Supplemental Nutrition Assistance Program (SNAP)

Promising Practices: Model Job Center

Last Modified: 11/16/2013

New York City

In an attempt to improve customer service, crowding and waiting time, the New York City (NYC) Human Resources Administration (HRA) implemented one pilot project in each borough where by job centers are collocated with non-public assistance (NPA) food stamp offices. Each of these “model centers” were developed to streamline the agency’s points of applicant/recipient contact by redesigning how it utilizes systems, space, security, processes, and personnel. In other words, HRA made changes in workflow rather than in policy and procedures. The model centers perform the same tasks they did before “going model”; however, by changing the way applicants/recipients are routed and the work is distributed, the project seeks to increase the efficiency and effectiveness of existing public assistance, food stamps and employment programs.

The model centers have a main reception counter where all applicants/recipients are “triaged” and sent to the appropriate service areas. When they arrive in the proper area, applicants/recipients are called by their ticket number that flashes on a display screen, thus eliminating the practice of standing on line. The centers have customer service and information centers that handle all unscheduled recipient activity such as change reporting and document drop-off. They use innovative technological designs such as “FRED,” a system that routes applicants/recipients from the Main Reception desk, and “MONIQ,” a system that tracks applicant/recipient progress through the center and records wait and activity times. Electronic information kiosks are also available in the food stamp reception area to provide information about food stamp calculations, jobs, benefits and childcare. The kiosks also print out forms and informational materials and will soon be able to print the short-form NPA food stamps application. Finally, the centers also house employment and training vendors on-site, essentially putting “jobs” into the “job center” so applicants/recipients can begin employment preparation right away which reduces the likelihood of missed employment appointments.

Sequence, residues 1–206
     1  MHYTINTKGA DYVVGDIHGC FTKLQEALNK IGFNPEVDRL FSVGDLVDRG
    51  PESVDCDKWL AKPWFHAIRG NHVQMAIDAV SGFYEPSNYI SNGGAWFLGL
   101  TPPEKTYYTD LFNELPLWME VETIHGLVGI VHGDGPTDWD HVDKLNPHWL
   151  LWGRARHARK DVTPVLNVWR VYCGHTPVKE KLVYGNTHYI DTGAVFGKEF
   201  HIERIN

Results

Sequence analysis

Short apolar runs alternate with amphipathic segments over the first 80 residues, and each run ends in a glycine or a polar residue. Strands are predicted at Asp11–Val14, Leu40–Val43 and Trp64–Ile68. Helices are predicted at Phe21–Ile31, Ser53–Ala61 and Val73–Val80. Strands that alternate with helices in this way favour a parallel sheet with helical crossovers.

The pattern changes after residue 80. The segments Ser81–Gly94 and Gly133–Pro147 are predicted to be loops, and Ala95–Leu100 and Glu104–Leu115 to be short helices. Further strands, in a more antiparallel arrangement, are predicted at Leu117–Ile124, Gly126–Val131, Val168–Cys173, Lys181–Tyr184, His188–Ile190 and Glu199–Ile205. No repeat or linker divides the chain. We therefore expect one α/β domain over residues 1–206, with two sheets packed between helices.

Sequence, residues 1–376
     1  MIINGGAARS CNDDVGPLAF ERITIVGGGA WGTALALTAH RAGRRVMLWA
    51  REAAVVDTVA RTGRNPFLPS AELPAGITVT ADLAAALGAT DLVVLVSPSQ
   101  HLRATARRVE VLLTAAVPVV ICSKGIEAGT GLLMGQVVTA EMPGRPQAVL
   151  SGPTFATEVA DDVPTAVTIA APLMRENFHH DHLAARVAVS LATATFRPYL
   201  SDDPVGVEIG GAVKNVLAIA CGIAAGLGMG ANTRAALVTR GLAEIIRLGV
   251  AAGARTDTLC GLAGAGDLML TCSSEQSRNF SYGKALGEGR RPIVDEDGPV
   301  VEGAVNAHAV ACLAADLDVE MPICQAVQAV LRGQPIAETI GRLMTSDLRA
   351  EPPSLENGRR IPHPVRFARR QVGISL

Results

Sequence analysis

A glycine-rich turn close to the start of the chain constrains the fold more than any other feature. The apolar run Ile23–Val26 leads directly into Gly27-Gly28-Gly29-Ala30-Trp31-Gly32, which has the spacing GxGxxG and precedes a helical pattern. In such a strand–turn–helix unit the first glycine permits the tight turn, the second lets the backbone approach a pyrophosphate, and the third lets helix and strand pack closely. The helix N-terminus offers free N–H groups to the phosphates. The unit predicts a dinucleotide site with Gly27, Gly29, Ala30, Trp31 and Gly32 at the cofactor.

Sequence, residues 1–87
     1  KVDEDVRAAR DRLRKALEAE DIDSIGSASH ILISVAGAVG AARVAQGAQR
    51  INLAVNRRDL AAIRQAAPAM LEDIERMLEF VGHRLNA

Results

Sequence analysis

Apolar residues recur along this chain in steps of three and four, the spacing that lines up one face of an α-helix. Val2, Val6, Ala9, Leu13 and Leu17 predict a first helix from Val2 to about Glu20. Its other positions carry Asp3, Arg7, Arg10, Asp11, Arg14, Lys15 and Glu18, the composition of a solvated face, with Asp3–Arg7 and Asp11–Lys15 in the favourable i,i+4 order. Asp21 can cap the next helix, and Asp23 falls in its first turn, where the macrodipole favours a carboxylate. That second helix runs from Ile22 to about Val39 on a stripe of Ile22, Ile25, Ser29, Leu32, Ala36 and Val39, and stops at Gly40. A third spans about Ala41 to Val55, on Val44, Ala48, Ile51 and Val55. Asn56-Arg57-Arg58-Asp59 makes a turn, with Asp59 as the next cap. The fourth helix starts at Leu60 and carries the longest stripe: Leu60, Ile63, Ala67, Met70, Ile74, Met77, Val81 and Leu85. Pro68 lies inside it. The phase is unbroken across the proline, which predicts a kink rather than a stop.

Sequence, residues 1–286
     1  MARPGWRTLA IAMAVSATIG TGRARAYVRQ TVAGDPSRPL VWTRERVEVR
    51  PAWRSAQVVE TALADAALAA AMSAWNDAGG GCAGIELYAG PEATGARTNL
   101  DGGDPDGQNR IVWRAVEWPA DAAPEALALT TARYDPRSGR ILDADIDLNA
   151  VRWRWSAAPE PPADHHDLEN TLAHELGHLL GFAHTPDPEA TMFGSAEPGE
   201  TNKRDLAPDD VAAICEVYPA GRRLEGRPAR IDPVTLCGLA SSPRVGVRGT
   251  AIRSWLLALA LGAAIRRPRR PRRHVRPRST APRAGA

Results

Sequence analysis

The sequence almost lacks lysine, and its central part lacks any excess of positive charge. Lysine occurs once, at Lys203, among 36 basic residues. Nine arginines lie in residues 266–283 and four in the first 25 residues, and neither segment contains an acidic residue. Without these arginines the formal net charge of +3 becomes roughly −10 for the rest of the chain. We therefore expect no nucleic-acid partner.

The pilot project, the Model Job Center/NPA Food Stamp Office, was implemented in 2004 and 2005. It was a collaborative effort among HRA’s Management Information Systems, General Support Services, Office of Policy, Procedures and Training, and the Family Independence Agency.

Additional resources were required for the project for renovating space, buying technical equipment, filling staff vacancies, adding security staff and providing training.

Client surveys indicate that applicants/recipients are increasingly more satisfied with their experiences at the center and waiting times have decreased.

SUGGESTION: From the beginning of the design process include employees who will work in the centers.

For more information, contact:

Seth Diamond
Executive Deputy Commissioner
Family Independence Administration, HRA
180 Water Street, room 2520
New York, NY 10038
diamonds@hra.nyc.gov
212-331-6180